Mkhondeni Stream Catchment Area Strategic Environmental Assessment : an examination of governance processes with particular reference to public participation.
Abboy, Cassandra S.
MetadataShow full item record
In recent years within South Africa, good governance has become a governmental goal with sound public participation processes becoming a core element of good governance practices. As a result of this goal, most decision-making tools have an element of public participation within them: a Strategic Environmental Assessment (SEA) is one such tool. This study aimed to examine the governance processes within the draft Mkhondeni Stream Catchment (MSC) area SEA with particular reference to public participation. Five objectives were conceived to achieve this aim. The first objective involved an examination of the public participation processes as articulated by the legislation. The second objective involved an examination of the public participation processes of the draft MSC area SEA. The third objective was to determine whether the ‘deliberation’ or public participation process was adequate. The fourth objective was to investigate how the draft MSC area SEA was framed and reframed by key stakeholders. The fifth and last objective of this study was to reflect on the public participation process and how it may be strengthened. Against the background of a focused literature review on good governance practices, public participation and SEAs, the fieldwork undertaken involved a qualitative approach using key informant interviews and random community member’s interviews. The key informant interviews were held with what are widely considered to be the key stakeholders within the MSC area SEA process. Random interviews were held with Ashburton community members to add value to this study by allowing for a wider perspective from general community members to be understood. There were 5 objectives that are set out for this study and they were achieved. Objective 1 is achieved through an examination into the public participation processes as articulated by the Provincial Department of Environmental Affairs and Tourism (DEAT) and legislation. The findings reveal that there is sufficient legislation and processes with regards to public participation in terms of Environmental Impact Assessments (EIAs); however it is noted that there is a lack of clarity with regards to the public participation processes and legislation within the SEA process and at present there are only recommendations for best practice. Objective 2 and 3 are achieved as they dealt with the understanding and adequacy of the public participation processes within the draft Mkhondeni SEA. The findings generated allow for the public participation methods and process used to be noted and in relation to the methods and process used the public participation process was deemed to be inadequate as it did not meet the minimum requirements stipulated by legislation in terms of public participation within an environmental assessment as well as the recommendations for best practice. Objective 4 is achieved by investigating how the draft SEA is framed by the key stakeholders. Out of the results the emerging themes that were identified within this study were that of: (a) Misrepresentation of the community by the Preservation of the Mkondeni Mpushini Biodiversity Trust (PMMBT); (b) the SEA being viewed as a learning process in which a lack of clarity emerged amongst interested and affected parties (I & APs) about the exact process that needed to be carried out to achieve the SEA; (c) a lack of trust in the government to take the comments of the community into consideration; (d) the importance of education within society about environmental tools, such as the SEA, and their uses; and (e) the need for social development to be considered alongside environmental concerns within the Ashburton area. And lastly, objective 5 is achieved as the public participation process within the draft SEA is reflected upon and recommendations are made. These recommendations deal with the following: (1) Involvement in the Formulation of the ToR, (2) Identification of I & APs, (3) Feedback, (4) Capacity Building and Education needs and (5) Management of the SEA Process. The intention of the researcher is that the knowledge derived from engaging with interviewees and from researching relevant literature will be used to improve future decision-making processes with the overall aim of improving the relationship between the relevant authorities and communities affected by so-called development.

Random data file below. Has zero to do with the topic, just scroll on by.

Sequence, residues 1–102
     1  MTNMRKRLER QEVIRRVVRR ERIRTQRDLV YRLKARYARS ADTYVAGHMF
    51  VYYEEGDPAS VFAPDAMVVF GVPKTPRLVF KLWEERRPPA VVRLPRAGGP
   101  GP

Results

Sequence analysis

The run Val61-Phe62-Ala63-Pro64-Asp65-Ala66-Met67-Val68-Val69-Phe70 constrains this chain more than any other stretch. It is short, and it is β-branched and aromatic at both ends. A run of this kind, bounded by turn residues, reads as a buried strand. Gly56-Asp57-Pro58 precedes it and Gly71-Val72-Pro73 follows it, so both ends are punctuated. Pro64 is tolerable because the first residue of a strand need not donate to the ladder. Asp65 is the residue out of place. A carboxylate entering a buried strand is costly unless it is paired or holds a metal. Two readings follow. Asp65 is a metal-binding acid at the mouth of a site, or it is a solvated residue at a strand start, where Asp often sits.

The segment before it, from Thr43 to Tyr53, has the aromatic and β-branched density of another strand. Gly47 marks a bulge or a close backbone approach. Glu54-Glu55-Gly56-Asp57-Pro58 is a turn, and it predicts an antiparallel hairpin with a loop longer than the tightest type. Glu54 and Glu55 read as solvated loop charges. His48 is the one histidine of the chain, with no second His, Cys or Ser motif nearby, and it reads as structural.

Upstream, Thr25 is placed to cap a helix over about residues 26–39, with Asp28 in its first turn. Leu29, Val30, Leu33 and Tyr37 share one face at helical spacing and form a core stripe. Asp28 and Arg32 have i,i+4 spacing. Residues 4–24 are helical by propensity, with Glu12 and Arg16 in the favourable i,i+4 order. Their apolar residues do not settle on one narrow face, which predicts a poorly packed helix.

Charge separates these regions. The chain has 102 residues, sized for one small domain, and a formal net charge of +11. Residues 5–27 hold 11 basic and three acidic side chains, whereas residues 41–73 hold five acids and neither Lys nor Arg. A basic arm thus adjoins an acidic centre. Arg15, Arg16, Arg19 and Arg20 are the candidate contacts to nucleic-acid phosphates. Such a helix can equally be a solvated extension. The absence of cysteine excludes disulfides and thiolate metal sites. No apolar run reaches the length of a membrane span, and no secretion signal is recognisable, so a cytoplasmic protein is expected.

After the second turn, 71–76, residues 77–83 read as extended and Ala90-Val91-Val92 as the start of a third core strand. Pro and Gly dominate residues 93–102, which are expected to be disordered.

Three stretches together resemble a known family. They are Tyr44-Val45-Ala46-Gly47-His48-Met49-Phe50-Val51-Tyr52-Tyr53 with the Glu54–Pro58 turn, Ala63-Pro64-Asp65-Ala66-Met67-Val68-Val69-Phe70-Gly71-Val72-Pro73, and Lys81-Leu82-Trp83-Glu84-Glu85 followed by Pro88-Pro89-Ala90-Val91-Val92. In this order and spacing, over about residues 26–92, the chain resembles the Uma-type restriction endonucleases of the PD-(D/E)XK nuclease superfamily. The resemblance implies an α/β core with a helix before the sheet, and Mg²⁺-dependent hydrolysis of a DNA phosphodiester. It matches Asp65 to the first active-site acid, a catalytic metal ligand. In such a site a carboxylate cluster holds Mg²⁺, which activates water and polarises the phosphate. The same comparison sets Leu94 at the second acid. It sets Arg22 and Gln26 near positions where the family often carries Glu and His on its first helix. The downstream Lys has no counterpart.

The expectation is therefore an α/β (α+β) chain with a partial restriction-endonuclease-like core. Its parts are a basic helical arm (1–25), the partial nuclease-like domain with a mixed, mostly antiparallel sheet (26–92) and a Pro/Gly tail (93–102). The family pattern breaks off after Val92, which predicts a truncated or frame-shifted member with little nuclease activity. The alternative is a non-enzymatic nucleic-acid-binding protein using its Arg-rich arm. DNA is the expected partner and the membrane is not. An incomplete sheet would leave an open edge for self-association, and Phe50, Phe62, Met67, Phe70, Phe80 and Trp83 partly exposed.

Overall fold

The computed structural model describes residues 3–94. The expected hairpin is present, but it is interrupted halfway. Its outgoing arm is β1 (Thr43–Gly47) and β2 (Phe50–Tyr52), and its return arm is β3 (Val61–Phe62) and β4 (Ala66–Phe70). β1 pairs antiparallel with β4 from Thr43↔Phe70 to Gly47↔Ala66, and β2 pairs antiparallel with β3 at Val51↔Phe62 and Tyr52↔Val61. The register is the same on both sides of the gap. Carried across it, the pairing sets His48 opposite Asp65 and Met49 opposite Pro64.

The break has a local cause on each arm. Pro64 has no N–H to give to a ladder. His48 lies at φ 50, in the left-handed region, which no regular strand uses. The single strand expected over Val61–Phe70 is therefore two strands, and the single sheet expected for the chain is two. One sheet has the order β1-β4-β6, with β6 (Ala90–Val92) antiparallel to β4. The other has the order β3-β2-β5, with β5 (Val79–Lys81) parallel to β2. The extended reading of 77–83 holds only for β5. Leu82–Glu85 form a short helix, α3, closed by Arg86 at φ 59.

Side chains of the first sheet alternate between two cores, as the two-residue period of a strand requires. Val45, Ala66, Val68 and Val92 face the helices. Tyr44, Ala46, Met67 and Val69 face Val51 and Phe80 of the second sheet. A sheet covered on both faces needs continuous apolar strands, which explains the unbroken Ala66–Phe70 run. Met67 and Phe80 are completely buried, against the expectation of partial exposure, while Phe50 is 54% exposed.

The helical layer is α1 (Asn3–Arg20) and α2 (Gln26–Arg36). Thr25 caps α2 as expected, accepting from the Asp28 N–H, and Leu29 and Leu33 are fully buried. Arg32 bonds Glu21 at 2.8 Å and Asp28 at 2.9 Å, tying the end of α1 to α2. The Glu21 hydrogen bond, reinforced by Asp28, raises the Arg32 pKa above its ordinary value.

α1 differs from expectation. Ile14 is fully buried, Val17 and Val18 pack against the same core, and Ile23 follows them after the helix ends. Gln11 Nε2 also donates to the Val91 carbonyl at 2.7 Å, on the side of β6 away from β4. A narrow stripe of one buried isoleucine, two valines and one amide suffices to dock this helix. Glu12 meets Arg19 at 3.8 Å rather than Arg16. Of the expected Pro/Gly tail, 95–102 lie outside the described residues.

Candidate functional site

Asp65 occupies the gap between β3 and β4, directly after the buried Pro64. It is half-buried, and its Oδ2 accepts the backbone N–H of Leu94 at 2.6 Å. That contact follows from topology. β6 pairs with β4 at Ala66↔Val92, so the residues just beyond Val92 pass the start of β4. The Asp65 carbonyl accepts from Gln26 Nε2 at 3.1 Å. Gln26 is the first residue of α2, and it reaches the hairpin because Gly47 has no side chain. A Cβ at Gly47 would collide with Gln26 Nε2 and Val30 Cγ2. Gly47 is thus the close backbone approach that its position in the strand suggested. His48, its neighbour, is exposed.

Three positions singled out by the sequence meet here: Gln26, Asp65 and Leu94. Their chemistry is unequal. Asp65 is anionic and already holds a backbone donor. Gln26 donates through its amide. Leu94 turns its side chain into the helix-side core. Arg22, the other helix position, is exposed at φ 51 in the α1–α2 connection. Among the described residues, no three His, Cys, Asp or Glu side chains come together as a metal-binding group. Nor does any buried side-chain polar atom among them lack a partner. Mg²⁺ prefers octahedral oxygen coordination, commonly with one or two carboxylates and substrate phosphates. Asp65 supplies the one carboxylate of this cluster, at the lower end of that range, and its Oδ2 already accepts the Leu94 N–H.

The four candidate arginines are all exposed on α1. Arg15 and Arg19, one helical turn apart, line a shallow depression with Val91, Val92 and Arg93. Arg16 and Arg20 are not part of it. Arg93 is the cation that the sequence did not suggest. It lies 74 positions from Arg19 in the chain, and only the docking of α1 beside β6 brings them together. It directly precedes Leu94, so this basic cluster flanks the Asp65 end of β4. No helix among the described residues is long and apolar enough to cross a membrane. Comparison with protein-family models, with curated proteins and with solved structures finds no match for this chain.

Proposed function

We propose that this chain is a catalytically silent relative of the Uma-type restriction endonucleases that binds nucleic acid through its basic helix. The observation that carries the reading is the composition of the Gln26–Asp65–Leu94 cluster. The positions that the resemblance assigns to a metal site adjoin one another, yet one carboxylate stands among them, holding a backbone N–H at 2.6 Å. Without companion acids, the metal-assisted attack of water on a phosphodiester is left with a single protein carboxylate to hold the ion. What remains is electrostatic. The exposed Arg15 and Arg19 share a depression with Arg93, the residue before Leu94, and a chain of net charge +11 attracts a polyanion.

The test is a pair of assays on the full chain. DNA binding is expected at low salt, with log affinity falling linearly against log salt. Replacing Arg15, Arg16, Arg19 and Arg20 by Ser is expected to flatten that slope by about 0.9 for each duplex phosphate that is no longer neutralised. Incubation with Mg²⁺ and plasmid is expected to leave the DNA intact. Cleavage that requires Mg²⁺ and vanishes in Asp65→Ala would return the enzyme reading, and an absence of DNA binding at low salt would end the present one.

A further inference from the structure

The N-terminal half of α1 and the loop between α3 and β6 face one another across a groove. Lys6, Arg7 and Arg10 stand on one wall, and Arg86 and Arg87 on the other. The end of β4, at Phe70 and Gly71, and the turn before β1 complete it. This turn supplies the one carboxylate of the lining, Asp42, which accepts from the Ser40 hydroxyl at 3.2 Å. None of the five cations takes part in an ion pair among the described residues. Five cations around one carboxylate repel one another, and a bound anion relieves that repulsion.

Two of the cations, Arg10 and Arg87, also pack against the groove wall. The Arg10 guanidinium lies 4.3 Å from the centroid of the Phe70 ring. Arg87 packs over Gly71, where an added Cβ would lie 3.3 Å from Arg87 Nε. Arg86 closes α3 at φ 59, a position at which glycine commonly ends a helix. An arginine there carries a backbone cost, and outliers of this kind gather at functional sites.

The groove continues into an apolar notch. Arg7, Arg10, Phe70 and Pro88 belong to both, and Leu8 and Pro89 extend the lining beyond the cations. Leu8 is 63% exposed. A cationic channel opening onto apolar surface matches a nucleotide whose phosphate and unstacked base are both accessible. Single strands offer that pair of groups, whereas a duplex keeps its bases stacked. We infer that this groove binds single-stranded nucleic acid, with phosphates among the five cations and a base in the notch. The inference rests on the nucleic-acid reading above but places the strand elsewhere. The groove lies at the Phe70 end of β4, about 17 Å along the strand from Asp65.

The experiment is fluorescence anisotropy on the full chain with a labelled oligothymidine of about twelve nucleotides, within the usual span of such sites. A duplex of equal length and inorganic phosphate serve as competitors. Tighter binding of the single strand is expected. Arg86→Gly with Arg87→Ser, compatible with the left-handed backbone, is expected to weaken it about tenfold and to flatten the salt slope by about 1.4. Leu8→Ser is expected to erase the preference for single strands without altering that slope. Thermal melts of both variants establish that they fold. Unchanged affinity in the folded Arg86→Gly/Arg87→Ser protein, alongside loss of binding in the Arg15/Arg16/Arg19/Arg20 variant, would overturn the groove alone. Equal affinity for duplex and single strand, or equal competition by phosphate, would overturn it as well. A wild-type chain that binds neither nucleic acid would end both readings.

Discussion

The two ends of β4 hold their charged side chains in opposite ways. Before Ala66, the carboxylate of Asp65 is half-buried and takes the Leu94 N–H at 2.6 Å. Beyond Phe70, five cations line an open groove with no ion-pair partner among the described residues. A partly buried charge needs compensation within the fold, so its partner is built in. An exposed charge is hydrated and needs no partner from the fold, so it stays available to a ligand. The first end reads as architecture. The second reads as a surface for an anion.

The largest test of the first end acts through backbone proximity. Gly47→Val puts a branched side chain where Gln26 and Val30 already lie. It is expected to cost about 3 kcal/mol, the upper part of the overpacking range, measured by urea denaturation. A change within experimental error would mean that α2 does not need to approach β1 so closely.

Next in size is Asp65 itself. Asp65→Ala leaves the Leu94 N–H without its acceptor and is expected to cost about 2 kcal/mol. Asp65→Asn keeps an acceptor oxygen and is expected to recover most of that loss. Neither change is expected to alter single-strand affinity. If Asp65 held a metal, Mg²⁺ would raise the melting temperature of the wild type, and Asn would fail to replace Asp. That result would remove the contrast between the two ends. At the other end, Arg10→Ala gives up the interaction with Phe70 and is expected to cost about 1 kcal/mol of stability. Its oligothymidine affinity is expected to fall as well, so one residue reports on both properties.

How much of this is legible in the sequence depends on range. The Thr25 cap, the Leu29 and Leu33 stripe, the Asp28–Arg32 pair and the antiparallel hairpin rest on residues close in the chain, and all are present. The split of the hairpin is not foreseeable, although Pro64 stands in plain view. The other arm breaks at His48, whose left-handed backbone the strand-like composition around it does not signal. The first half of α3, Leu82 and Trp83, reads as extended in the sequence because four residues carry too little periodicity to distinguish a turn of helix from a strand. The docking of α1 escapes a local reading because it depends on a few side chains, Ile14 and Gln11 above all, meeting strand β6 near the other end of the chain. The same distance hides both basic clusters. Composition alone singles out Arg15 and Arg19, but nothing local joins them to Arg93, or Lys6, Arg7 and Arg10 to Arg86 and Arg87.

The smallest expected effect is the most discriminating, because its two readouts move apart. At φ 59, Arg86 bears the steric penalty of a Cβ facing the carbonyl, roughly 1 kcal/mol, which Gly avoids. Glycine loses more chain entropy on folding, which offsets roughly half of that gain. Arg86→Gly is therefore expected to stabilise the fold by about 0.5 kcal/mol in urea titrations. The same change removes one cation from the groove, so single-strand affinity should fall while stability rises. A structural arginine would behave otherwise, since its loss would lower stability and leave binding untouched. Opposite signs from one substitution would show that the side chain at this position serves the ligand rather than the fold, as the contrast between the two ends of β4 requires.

Showing items related by title, author, creator and subject.
Towards understanding the meaningful participation of disadvantaged communities in the Msunduzi catchment management forum. Boakye, Maxwell Kwame. (2007)The participation of the public has become widely accepted through legislation as a critical component of managing water resources in South Africa. However, achieving meaningful participation continues to be a challenge ...
Mauck, Benjamin Alan. (2012)Natural vegetation has been converted to land uses, such as agriculture, commercial forestry and urban use, to meet increasing human demands for food, fuel and shelter. These land use changes modify the surface ...
Understanding environmental assessment and public participation process challenges among the vulnerable interested and affected parties : five cases studies from rural KwaZulu-Natal. Mahlangu, Isaiah Mahlolani. (2008)The Public Participation Process (PPP) for Environmental Assessment (EA) is a mandatory procedure to facilitate participation of Interested and Affected Parties (IAAPs) in decision making for proposed development projects. ...